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08 November 2021

Nina Kammerer: A conversation on sustainability, fashion and inspiration

Nina was born in Germany, and she is now based in Vienna. Co-founder, creative director and stylist at @studio.terrible & @terrible.mag.

These days, between breakfast at home and loud music morning routines, she’s been cooking terrible.mag third edition alongside Vrinda, co-founder and photographer based in London.

Terrible magazine arises as an annual independent print magazine dedicated to consciousness fashion and art.

 

 

How did Terrible.mag start?

I said to Vrinda after seeing each other I think… Twice, if she wanted to start a project together, we are pretty much a perfect match because if one has an idea we can bring it to the table, as we have similar aesthetics and interest, together we figure it out and we bring it to life. We are on the phone quite often, we are a very good team.

Nina explains she wanted to create a space to provide her styling while being aligned with her convictions, an approach she could not find when styling for unsustainable brands.

Where do you get your inspiration?

Inspiration comes from lots of places. I really love magazines, seeing what other photographers are doing, films taking place in other time frames, museums and the garments on the paintings.

 

 

Do you have a morning routine?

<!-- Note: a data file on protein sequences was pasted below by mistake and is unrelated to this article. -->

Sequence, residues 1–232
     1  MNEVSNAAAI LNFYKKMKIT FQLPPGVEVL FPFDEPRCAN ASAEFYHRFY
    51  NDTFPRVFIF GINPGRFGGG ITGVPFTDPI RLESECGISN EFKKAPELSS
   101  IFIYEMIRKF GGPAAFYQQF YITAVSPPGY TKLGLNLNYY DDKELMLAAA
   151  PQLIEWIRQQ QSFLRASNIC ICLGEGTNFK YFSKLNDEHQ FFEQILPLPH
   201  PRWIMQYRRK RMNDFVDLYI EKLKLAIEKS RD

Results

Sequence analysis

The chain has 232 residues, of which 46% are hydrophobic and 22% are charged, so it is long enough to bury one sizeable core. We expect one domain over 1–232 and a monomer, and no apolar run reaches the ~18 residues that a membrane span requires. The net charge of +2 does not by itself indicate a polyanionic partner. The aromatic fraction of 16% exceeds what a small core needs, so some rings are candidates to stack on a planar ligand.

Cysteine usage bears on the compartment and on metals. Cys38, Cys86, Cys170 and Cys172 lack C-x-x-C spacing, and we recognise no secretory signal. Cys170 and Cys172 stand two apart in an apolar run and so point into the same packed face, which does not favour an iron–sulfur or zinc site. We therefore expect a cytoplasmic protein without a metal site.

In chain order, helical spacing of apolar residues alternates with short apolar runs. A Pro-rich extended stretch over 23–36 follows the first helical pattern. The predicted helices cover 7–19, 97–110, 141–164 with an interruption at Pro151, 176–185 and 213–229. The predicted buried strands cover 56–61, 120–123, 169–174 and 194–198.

l get up, do my skincare first, make my filter coffee and usually do the dishes and so, I sit down to very loud music when I do home-office. In the afternoon, almost everyday I go to my coffee place, where I used to work a while ago. I take my break there and have social contact, it's kind of my second home. On other days I work on samples and sew and my routine is the same. If I have errands to do, or prepare for an interview, take photos or loan/bring back clothing for photoshoots, I just usually leave the house and grab a coffee on the way. I'm really bad when it comes to breakfast, I skip it most of the time.

 

 

What does sustainability look like in your eyes?

Sustainability is the flowing dialogue between two things, the first being how the piece communicates with the environment: the fabrics used, recycling methods in the company, usage of dead stocks and dying procedures. The following would naturally be the fact that there is no sustainable development if the people involved in it can't make a living wage out of their job.

The future for studio.terrible flows with a steady collection which brings women suits to mix and march, produced by a heartwarming project taking place in Vienna, giving a chance to unemployed women to learn the craft and spend 6 to 8 months employed, leaving the facility with a new learned skill. On a final note, taking long enough time to raise awareness and help create ethical, trustworthy and honest brands, true to the creators values seems to be the way many young creators choose to support not only their passion but other women along the way.

 

 

Nina is wearing Terrible Studio collection and Ninfa Handmade pieces.

If you want to get to know more about the project you can visit their sites

 www.studioterrible.com

www.terriblemagazine.com

 

Thank you Nina!